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Father's Thought on Parenting in Dual-Income Nuclear Homes

Sometimes, the desperate, never-ending balancing act which against all hopes, never subsides. It rather rather moves in a continuum between one crisis to another, without a moment to pause,  becomes too exasperating.
Amidst all this nonsense which envelopes any semblance of order beyond recognition, Nonu is now learning to live without the maid cum baby-sitter.Her Baby-sitter, an expectant mother, left last month, after working with us for a decade or so.
Nonu has taken it well, with almost sagacious indifference, to the ephemeral nature of most things in life. I would have preferred this to never have happened to her, to keep her cocooned from the arduous awareness of the sense of evanescent nature of happiness. 
If only life could be a never ending happy dream, so quickly, as one grows, it turns into a tedious and painful journey, with rare shade of smiles, so rare that it can not be considered to be anything but sporadic aberration.
The best substitute to a trusted maid, to my mind was an institutional day-care. Having been raised by at-home mother myself, coming back home to the odours of freshly cooked food, makes me feel guilty to the extent of criminal, the thought of a small child coming to a deserted home, waiting for parents to come back like daily soap on the television every eveining, is truly disheartening.
To my mind, any proposition other than this would be less intimdating than this. In a Day care, at least she could have friends of her own age to play with. I pleaded for her to go to a day-care in stead of putting her to the custody of a new maid. But as is the case in most domestic matters, was over ruled: that we do not have a new maid yet is another story, but case is settled in favour of a maid against an institution.
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What is saddening is the child in question had no say on it, she can not decide whether she would want to be governed at home or at a day-care centre, and if at home, had no choice over her new day companion. It is at such moments that the fallacy and hollowness of dual income families as a beacon of new and liberated world hits one. When it is not to meet any essentiality, but only to fulfil one's sense of independence and achievement, I am still trying to grapple with the elusive search of any logic to it. I write, but not too well, to quote Maugham, not as well as I want to, but as well as I can ( his was out of modesty, mine is admission). If I could write well enough for writing to pass of as a serious occupation, I could have thought of being stay at home Dad, alas, that competence and discipline to qualify still eludes me.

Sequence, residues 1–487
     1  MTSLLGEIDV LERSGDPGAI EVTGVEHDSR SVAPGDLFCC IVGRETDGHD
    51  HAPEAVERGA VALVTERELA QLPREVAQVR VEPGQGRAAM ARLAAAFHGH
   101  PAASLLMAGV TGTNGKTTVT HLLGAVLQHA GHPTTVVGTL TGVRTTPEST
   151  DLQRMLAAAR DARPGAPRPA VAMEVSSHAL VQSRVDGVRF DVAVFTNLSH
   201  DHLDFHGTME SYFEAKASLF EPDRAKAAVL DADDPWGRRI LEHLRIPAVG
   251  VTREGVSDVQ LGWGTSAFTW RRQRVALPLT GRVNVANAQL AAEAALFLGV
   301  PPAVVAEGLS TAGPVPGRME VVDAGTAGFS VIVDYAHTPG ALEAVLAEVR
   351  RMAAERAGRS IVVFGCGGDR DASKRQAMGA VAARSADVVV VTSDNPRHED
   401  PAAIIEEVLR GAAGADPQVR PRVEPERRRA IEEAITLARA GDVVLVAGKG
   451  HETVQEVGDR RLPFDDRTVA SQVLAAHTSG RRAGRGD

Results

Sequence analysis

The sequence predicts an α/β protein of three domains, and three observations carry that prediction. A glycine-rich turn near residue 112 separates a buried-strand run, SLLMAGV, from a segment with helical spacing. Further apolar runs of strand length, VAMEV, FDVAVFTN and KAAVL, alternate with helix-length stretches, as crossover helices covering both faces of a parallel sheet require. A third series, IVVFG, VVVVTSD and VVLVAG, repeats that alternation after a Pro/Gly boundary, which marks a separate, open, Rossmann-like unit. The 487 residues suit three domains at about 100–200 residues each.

Writing is a very serious profession, and takes great deal of effort. Just knowing how to write does not make one a writer, knowing what to write does. Latter takes a lot of effort and practice. In the initial phases, one writes with spurts of passion and believes it to be a good enough a piece to attract interest of readers. Only later sobriety descends and the writer encounters the cold, cruel fact  that there is nothing like random brilliance in writing and nothing like an accidental literary genius.
I find trouble figuring out why some brilliant authors claim thus, is it utter sense of humlity and modesty, or a wily attempt to mislead those who might be intending to join the art, or merely to stress on their greatness to be a divine blessing which they seem to have been borne with.It is rare greatness of someone like Maugham, who candidly confesses that as  a diamond which needs to be polished with effort and affection to shine, with patience and concentration. I have not been able to inculcate such sense of discipline in my writing to be able to sneak in a sense of confident style of prose. She is merely four years and it has been no more than few months since our Sunday ritual was broken, but this outing already smacks of nostalgia as I look at the four year old across the table, singing to herself in her lips.
A call comes from home, or what is left of it, and heart sinks for unknown reasons. As age passes by the swagger of false sense of being in control fades away. I want to be happy, attain delirium, was I ever happy, past seems so far that it seems impossible to have ever existed, the future seems so enveloped in the mist of chances that it seems improbable. A solitude descends on the dusk as the day draws to a wistful close. I walk back to home with her tiny palm clinging on to my fingers, with a deep sense of regret at the lack of discipline, which I feel is the prime reason which put boundaries to my being.
But for discipline, many men would become many things, left only on talent, great many promises ended with broken hearts and spirits. Discipline can not be mistaken with order which is generally evident in the face of exigencies of life, discipline is the pattern which one follows even when does not need to, like getting up at six on a sunday.

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